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An insect ecosystem engineer alleviates drought stress in plants without increasing plant susceptibility to an above-ground herbivore

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Published copy (DOI)

Author(s)

  • Scott N. Johnson
  • Goran Lopaticki
  • Kirk Barnett
  • Sarah L. Facey
  • Jeff R. Powell
  • Susan E. Hartley
  • Sergio Rasmann

Department/unit(s)

Publication details

JournalFunctional Ecology
DateAccepted/In press - 8 Sep 2015
DateE-pub ahead of print - 19 Nov 2015
DatePublished (current) - 1 Jun 2016
Issue number6
Volume30
Number of pages9
Pages (from-to)894-902
Early online date19/11/15
Original languageEnglish

Abstract

Climate change models predict more extreme rainfall patterns, ranging from droughts to deluges, which will inevitably affect primary productivity in many terrestrial ecosystems. Insects within the ecosystem, living above- and below-ground, may modify plant responses to water stress. For example, some functional groups improve soil conditions via resource provision, potentially alleviating water stress. Enhanced resource provision may, however, render plants more susceptible to herbivores and negate beneficial effects. Using a model system, we tested how plants (Brassica oleracea) responded to drought, ambient and increased precipitation scenarios when interacting with both a soil conditioning ecosystem engineer (dung beetles; Bubas bison) and an above-ground herbivore, the major crop pest diamondback moth (Plutella xylostella). Dung beetles enhanced soil water retention by 10% and promoted growth in plants subjected to drought by 280%, relieving the impacts of water stress on plants. Under drought conditions, plants grown with dung beetles had c. 30% more leaves and were over twice as tall as those without dung beetles. Dung beetles produced a 2·7-fold increase in nitrogen content and more than a threefold increase in carbon content of the shoots, though shoot concentrations of nitrogen and carbon were unchanged. Carbon concentrations in roots, however, were increased by dung beetles under both ambient and increased precipitation regimes. Increased precipitation reduced root and shoot nitrogen concentrations by 16% and 30%, relative to plants under ambient regimes, respectively, most likely due to dilution effects of increased plant growth under increased precipitation. Soil carbon and nitrogen concentrations were largely unaffected. While dung beetles enhanced plant growth and nitrogen content in plants experiencing drought, the anticipated increase in plant suitability to herbivores did not arise, possibly because shoot nitrogen concentrations and C:N ratio were unaffected. To our knowledge, this is the first report of an insect ecosystem engineer alleviating the effects of predicted drought events on plants via physical manipulation of the soil matrix. Moreover, their effects did not change plant suitability to an above-ground herbivore, pointing to potential beneficial role for insect ecosystem engineers in climate change adaptation and crop protection.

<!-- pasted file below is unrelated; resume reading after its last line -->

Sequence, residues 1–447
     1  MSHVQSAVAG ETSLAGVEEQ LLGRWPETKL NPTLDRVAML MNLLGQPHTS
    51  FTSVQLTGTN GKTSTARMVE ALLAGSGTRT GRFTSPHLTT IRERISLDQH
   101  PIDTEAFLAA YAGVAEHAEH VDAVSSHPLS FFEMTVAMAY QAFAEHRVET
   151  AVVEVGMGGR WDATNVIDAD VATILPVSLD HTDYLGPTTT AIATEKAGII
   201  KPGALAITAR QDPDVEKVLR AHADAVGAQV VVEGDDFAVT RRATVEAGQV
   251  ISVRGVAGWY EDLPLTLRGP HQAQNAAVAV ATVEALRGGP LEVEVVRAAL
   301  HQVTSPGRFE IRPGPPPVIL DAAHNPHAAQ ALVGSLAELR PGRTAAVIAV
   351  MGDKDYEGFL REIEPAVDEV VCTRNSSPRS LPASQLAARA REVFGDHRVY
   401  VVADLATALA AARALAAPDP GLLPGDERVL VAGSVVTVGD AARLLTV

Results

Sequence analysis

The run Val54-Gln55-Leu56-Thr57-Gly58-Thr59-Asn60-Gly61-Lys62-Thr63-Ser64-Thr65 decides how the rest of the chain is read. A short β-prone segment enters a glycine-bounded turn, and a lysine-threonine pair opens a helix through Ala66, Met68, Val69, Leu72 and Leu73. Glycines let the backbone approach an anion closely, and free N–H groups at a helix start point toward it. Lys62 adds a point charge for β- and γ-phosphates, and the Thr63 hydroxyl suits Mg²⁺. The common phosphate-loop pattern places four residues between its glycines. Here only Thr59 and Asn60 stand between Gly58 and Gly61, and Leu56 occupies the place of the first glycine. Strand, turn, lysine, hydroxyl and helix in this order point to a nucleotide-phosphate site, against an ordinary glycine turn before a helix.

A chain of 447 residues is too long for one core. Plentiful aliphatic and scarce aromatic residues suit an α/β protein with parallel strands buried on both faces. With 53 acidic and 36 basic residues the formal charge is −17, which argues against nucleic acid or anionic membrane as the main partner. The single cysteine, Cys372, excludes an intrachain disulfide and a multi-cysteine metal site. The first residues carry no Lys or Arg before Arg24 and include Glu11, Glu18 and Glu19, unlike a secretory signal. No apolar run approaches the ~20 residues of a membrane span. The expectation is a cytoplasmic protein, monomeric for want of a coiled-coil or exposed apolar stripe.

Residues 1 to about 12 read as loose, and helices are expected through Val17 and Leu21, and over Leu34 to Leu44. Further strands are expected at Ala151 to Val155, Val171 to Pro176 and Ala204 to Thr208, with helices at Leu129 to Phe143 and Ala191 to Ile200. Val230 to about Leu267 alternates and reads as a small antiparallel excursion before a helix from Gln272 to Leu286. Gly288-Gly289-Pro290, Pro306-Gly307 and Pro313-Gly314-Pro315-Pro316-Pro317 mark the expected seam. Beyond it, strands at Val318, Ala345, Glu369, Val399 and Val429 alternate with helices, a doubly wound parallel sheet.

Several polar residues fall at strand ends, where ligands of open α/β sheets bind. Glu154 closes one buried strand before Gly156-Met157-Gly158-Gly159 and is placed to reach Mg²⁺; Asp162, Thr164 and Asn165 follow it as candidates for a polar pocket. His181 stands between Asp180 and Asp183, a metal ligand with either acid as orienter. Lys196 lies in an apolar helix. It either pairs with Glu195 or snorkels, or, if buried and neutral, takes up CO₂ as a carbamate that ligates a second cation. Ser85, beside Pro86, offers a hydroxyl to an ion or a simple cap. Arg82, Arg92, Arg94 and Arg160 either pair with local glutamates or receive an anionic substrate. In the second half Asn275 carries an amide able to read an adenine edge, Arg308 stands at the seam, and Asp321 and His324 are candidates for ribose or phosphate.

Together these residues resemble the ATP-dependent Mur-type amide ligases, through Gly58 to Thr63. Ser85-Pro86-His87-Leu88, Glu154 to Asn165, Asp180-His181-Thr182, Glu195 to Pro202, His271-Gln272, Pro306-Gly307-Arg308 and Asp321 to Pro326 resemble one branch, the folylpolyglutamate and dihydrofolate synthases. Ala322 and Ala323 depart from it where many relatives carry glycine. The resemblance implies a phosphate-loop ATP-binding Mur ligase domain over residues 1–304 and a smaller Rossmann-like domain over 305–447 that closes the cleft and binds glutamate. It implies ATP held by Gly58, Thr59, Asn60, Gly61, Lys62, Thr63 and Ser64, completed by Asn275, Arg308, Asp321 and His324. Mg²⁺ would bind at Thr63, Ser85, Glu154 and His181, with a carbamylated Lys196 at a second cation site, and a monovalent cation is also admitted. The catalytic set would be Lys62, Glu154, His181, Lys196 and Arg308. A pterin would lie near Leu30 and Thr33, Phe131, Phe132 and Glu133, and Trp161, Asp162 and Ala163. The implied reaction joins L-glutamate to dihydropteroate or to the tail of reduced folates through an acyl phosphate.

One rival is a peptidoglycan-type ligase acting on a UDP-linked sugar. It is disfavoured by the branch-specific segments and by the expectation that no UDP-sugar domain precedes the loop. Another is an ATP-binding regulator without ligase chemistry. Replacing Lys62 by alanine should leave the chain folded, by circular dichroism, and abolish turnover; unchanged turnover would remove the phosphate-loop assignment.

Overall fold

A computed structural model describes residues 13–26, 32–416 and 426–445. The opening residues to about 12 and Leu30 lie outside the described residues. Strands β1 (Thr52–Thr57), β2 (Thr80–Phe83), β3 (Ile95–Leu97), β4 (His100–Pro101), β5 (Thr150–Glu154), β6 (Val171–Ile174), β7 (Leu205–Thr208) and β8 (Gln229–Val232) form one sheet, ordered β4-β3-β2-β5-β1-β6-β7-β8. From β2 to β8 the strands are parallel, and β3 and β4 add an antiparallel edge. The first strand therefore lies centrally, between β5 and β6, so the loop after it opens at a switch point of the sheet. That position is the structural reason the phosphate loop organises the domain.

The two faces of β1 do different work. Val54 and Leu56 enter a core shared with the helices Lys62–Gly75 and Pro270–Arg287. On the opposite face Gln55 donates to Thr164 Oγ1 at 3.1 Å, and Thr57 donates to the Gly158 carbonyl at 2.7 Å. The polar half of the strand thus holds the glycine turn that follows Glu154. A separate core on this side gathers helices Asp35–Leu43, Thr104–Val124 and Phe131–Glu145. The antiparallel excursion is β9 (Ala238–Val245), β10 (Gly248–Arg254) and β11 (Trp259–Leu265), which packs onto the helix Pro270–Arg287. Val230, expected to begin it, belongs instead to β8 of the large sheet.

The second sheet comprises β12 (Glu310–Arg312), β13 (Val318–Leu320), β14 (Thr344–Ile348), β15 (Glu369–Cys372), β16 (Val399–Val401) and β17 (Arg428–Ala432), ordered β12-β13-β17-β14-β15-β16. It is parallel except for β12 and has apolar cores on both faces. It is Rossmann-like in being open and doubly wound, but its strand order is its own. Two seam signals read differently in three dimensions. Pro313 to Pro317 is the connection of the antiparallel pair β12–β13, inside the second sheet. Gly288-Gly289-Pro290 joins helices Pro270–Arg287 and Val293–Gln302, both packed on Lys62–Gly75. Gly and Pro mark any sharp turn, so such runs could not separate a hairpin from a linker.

Research areas

  • above-ground–below-ground, Brassica, dung beetle, ecosystem service, global climate change, herbivory, soil

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